My father had turned the driving over to my brother, Dale, and they conversed freely as they motored along on the divided federal highway just outside Mexico City on a lovely Saturday morning. They traveled a beautiful new four-lane freeway with a well-trimmed hedge down the median. All was well until Dale began to negotiate what should have been an easy curve. The hedge concealed a group of workers and their heavy equipment. There were no warning signs in place to suggest that there was anything amiss.
Dale quickly surveyed the scene, hit the brake, and opted to side-swipe a dump truck rather than run over the workers. As the car scraped by the truck they were spun around and came to rest facing in the opposite direction. The front bumper was bent precariously and had scraped a thin line in the pavement—the only visible damage to the highway. The car’s coolant was puddled on the road making it impossible to continue.
The road workers quickly mobilized and put out the warning signs which they had neglected to do earlier. Dad suggested to Dale that they quietly trade places. He figured it would go better for them if the police found a licensed Mexican citizen driving the Mexican car. Dale had just returned from two years in Columbia and at the time didn’t have a driver license in his possession.
The Mexican highway patrol arrived, surveyed the scene, ordered the car impounded and remanded my father to the nearest jail to await a hearing before a judge the following Monday morning. When Dad told the officer that there had been no warning signs, the latter pointed to them right where they should have been and told my father that he must be blind.
The Tlalnepantla jail was a miserable place. It was dark and dank and dirty. It was filled with drunks, derelicts and prostitutes. The men in charge were largely unshaven and didn’t look much better than those over whom they presided. My brothers and I dutifully took Dad some food and blankets and tried to look somber but it was all we could do to keep from chuckling at our once dignified father confined to such a place.
We contacted a lawyer by the name of Agricol Lozano who was reputed to be one of the best legal minds in Mexico. We were pleased when he agreed to take the case. Since Father couldn’t get out of jail until after seeing the judge, he decided to see what he could do to better his own situation.
“My son has just returned from two years of missionary service in South America,” he told the weekend jailer. “He will be reporting on his missionary activities tomorrow in Church. Isn’t there something we can arrange so that I can attend that church service?” A price was agreed upon and my father was quietly released from his confinement on the condition that he be back at the jail before dawn on Monday morning. “If you are not here,” said the jailer, “it will be very bad for both of us!”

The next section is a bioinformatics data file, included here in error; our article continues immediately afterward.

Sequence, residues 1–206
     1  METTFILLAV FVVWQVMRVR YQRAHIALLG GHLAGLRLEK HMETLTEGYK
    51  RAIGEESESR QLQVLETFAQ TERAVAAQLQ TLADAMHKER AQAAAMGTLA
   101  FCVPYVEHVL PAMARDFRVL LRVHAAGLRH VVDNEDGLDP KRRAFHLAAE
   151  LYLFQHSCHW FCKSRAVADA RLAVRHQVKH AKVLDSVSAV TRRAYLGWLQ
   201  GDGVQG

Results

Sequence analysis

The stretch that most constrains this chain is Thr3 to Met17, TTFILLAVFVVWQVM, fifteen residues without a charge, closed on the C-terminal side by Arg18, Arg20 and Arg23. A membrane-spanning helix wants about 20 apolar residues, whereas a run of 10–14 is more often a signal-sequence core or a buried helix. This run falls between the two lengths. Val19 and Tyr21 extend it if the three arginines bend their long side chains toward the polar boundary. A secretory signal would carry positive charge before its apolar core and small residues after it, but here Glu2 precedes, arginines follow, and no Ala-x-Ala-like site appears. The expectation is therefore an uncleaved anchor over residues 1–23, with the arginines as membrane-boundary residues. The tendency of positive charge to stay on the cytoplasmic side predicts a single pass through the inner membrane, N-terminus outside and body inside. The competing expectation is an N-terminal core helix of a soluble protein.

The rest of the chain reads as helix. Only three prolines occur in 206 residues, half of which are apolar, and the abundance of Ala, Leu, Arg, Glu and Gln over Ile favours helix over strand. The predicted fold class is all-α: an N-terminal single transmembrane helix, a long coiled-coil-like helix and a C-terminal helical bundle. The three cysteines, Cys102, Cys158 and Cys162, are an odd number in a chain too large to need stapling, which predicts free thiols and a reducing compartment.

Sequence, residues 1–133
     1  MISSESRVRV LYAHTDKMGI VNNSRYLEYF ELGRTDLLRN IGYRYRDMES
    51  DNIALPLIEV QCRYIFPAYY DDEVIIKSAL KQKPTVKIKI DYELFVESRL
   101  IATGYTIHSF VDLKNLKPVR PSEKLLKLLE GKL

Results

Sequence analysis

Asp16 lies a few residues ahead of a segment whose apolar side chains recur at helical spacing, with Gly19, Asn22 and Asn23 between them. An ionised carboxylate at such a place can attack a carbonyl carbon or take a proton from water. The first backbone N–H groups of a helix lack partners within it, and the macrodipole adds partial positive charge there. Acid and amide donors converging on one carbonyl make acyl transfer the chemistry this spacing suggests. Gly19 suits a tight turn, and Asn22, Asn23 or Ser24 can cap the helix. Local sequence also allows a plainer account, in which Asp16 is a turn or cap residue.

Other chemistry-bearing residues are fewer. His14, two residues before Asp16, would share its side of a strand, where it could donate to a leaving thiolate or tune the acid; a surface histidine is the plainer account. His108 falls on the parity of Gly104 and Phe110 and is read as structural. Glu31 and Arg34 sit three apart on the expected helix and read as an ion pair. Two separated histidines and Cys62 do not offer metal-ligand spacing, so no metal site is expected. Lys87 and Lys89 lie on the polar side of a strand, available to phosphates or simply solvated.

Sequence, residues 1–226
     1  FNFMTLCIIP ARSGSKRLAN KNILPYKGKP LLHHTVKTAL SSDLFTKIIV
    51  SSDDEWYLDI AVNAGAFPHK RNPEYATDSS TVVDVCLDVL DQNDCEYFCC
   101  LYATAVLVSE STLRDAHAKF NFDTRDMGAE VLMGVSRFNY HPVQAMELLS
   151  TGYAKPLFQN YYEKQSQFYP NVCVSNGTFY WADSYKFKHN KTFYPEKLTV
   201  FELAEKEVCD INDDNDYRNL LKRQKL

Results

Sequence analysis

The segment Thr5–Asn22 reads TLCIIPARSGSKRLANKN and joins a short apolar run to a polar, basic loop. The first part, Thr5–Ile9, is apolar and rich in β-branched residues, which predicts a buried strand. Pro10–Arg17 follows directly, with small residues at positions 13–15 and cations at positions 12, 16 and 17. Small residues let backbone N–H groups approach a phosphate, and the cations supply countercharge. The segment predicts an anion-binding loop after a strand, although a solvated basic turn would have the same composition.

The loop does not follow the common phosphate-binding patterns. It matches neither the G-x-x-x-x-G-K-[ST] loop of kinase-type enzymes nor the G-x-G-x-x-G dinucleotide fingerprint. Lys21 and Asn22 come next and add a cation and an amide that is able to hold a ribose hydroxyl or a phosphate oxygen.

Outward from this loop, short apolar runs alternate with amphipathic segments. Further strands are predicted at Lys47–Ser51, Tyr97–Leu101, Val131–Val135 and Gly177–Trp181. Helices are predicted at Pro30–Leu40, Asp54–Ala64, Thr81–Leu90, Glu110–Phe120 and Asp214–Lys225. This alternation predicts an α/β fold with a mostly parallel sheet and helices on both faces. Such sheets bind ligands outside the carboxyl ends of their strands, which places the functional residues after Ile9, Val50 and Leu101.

True to his word, Dad was back in jail Monday morning and, at the designated time, he and Senor Lozano appeared before the judge. “You have been accused of driving a motor vehicle at an unsafe speed, knocking over three warning signs, tearing up seventeen meters of median hedge, damaging highway equipment and disfiguring twenty meters of pavement. What do you plead?” Senor Lozano replied simply, “My client pleads guilty.”
My father started to go ballistic because most of the accusations were either untrue or exaggerated. Lozano quieted him down with a wave of his hand. The magistrate levied a substantial fine, gave Dad a warning and released him into the custody of his counsel. Outside the courtroom my father let Senor Lozano have it. “How could you plead me guilty to all those charges? We both know that most of that was a bunch of baloney!”
“Senor McClellan,” he said calmly. “You are not in the United States where you are innocent until proven guilty. Here you are guilty until proven innocent. If you challenged the accusations, because the incident took place on a federal highway, you would be remanded to the federal penitentiary at Toluca. Your case could come to trial in six weeks or in six months—and when it did, you would be found guilty. You can pay the fine now or you can go to prison and pay the fine later. Which do you prefer?”
My brothers and I often found great pleasure in reminding our father of his history of delinquency, imprisonment and bribery. He would give us a knowing smile comforted in the knowledge that it was not HIS doing that had landed him in trouble.
So what is the moral to the story? I think it must have something to do with gratitude that we live in a country that at least espouses the concept of innocence until proven guilty. We are greatly blessed.